Columnist: Our generals are gone

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Fred Johnson

Fred Johnson

By Fred Johnson

Four battle-seasoned generals have been forced from the service by Barack Obama.

The first to go was Gen. David McKiernan, the four-star who lead U.S. ground forces during the successful lightning Iraq invasion. He was asked to resign command of allied forces in Afghanistan just four months into Obama’s presidency in 2009.

The second to go was Gen. Stanley McChrystal who replaced McKiernan in Afghanistan. He was fired shortly after the Rolling Stone magazine quoted him as saying he was “disappointed” after his first meeting with Mr. Obama, and that the new US chief executive seemed intimidated by top military brass.

The third was Gen. David Petraeus, the architect of the surge and successful counter-insurgency strategy in Iraq. He was demoted from Central Command to return to lead the Afghan war. Then Obama named him director of the Central Intelligence Agency, which required his military resignation. The Obama administration was willing to let Petraeus take a large part of the fall for their unexplained absences during the 9/11 terror attack that killed four Americans in Benghazi.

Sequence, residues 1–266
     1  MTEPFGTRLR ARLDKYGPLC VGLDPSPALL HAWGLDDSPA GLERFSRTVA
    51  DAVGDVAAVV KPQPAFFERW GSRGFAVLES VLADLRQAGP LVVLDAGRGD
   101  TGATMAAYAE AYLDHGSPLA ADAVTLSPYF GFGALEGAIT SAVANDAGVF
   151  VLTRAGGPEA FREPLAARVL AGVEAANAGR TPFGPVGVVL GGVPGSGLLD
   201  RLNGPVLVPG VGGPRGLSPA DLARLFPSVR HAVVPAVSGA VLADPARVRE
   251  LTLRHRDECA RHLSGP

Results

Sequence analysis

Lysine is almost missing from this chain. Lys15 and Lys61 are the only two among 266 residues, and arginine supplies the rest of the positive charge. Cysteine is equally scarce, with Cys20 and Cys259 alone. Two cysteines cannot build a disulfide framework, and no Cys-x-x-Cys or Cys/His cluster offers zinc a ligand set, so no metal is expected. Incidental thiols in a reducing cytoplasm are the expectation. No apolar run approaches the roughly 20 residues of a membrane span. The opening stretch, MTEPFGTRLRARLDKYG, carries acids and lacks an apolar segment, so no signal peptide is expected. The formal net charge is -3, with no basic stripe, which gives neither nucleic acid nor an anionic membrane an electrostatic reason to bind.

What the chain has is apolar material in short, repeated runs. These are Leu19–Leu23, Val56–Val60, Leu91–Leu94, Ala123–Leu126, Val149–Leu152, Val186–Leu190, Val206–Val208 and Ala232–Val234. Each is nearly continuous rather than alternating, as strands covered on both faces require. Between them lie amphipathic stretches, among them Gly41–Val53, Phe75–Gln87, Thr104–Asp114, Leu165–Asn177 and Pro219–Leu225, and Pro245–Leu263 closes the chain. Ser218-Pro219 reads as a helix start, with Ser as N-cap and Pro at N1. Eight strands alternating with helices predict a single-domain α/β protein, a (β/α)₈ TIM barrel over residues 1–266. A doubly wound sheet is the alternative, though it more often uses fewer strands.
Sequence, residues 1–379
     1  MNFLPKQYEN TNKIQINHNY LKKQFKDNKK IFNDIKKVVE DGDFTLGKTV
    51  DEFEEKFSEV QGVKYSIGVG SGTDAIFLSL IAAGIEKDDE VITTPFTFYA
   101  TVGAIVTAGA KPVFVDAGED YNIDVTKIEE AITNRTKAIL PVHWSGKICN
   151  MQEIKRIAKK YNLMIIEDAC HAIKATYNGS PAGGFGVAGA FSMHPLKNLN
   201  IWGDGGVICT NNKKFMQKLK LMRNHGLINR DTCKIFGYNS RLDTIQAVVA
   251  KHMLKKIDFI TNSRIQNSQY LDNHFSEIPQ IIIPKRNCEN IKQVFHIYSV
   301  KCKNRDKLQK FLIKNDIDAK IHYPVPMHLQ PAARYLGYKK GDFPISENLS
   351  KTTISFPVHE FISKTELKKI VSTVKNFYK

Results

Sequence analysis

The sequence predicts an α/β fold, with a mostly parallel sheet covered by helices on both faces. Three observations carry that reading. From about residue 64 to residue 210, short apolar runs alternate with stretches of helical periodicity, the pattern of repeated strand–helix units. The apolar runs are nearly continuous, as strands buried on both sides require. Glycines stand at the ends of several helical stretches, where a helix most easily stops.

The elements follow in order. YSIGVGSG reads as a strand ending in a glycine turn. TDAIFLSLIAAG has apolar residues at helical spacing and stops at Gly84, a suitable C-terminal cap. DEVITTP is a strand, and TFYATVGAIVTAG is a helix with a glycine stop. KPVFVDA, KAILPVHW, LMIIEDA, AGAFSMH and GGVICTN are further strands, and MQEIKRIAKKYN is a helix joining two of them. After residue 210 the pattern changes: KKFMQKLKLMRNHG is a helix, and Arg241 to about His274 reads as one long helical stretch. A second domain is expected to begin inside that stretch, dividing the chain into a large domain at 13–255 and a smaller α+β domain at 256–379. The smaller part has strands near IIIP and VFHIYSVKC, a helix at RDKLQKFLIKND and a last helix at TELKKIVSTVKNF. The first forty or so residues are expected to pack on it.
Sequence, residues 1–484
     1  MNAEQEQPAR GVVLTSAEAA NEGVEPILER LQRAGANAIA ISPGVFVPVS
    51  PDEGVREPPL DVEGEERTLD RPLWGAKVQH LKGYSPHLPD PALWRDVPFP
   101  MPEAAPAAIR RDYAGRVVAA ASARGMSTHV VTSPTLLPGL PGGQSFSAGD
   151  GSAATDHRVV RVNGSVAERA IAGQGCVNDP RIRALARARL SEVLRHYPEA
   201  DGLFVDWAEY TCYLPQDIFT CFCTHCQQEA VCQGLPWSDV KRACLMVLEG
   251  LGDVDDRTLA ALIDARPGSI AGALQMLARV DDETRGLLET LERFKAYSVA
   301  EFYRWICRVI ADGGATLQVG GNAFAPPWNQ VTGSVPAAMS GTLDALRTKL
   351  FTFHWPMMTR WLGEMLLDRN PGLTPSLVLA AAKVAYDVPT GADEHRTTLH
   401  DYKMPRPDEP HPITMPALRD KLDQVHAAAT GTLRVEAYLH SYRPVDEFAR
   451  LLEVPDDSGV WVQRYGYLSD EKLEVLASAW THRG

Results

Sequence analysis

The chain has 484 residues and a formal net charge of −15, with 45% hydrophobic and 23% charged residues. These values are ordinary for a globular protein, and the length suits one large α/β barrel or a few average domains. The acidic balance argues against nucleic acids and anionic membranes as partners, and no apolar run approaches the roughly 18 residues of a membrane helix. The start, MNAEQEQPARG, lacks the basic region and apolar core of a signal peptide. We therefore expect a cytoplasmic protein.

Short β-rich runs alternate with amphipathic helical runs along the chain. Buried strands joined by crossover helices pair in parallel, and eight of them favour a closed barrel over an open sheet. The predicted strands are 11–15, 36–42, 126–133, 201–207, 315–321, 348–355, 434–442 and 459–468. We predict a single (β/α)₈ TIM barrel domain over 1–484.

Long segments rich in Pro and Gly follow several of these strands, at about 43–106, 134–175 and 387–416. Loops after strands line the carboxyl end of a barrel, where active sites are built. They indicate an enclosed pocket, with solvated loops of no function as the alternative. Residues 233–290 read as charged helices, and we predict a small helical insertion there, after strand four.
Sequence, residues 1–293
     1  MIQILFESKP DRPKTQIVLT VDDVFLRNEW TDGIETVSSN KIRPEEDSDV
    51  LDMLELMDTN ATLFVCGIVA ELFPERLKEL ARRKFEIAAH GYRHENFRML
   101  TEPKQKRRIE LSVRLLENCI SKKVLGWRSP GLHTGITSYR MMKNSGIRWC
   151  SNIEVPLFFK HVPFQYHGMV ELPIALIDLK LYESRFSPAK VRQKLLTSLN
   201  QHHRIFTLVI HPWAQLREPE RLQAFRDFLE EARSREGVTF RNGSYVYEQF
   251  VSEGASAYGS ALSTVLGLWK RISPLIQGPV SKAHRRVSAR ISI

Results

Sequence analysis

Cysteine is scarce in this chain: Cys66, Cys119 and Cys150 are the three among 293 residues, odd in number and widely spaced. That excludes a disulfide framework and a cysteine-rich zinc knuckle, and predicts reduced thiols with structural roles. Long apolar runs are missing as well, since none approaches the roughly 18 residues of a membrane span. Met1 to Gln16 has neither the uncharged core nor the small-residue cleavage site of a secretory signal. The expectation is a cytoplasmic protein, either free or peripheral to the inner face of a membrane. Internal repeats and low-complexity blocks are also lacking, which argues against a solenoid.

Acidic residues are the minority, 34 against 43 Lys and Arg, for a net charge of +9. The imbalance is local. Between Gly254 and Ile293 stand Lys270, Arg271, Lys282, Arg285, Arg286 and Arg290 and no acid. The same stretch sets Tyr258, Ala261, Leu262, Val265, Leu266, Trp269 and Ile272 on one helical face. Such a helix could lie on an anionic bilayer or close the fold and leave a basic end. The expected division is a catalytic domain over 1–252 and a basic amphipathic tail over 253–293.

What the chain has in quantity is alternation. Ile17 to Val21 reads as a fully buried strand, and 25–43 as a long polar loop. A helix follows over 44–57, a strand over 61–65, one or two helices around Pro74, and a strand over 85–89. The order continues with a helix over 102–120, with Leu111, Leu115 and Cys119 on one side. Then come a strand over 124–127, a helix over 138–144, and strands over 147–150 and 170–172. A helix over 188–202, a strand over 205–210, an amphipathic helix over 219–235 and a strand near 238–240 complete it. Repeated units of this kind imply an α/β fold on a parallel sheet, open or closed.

Then in November, Petraeus resigned from the CIA over leaked emails between him and a Tampa, Florida socialite. The socialite, Jill Kelly and her husband claimed in a lawsuit that the government willfully leaked false and defamatory information about them in the scandal that led to the resignation of Gen. David Petraeus as CIA director. Jill Kelley and Scott Kelley filed the lawsuit in federal court against the FBI, Pentagon and unidentified officials in the government, claiming the couple’s privacy was violated.

The Petraeus scandal widened when the Pentagon announced it was also looking into emails between Jill Kelley and General John Allen, searching for possible evidence of an inappropriate relationship between the two married people. Officials later conceded that only a handful of the emails between Kelley and Allen had been of a flirtatious or questionable nature. General John Allen resigned last week. He had been promoted to lead all U.S. and NATO forces in Europe. Interesting that the last two generals were fired over leaked emails that NSA swears they do not read.

Now we find that al-Qaeda is stronger than ever while our own military is severely weakened by the loss of four battle hardened generals and by the appointment of a Washington, DC politician as Secretary of Defense.

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